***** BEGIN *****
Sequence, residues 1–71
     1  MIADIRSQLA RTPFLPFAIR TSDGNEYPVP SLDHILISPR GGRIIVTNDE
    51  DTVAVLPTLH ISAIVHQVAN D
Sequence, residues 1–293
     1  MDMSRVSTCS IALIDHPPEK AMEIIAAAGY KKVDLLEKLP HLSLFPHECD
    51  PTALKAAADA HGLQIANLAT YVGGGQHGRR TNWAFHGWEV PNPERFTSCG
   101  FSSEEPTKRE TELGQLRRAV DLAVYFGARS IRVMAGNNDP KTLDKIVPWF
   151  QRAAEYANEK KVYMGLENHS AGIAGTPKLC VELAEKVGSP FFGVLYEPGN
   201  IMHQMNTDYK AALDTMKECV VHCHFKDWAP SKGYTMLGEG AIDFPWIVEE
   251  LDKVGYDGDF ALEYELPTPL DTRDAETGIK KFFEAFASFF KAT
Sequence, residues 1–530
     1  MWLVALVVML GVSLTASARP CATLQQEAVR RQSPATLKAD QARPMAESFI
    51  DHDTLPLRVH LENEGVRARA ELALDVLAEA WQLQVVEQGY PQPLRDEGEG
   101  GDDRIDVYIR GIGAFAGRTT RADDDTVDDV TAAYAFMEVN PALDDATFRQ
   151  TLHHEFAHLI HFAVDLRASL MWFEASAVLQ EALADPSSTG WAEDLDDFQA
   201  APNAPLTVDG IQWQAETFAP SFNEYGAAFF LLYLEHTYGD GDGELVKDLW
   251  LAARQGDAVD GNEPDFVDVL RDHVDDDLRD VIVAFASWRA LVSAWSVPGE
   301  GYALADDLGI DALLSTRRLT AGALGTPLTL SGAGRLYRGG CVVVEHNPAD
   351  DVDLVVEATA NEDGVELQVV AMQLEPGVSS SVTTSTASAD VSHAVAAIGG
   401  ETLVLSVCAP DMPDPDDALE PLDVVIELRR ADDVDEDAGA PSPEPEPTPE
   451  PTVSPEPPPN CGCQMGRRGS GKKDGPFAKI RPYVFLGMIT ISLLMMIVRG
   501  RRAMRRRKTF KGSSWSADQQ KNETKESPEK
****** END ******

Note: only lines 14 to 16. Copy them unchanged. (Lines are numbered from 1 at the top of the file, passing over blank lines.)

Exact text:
   101  GDDRIDVYIR GIGAFAGRTT RADDDTVDDV TAAYAFMEVN PALDDATFRQ
   151  TLHHEFAHLI HFAVDLRASL MWFEASAVLQ EALADPSSTG WAEDLDDFQA
   201  APNAPLTVDG IQWQAETFAP SFNEYGAAFF LLYLEHTYGD GDGELVKDLW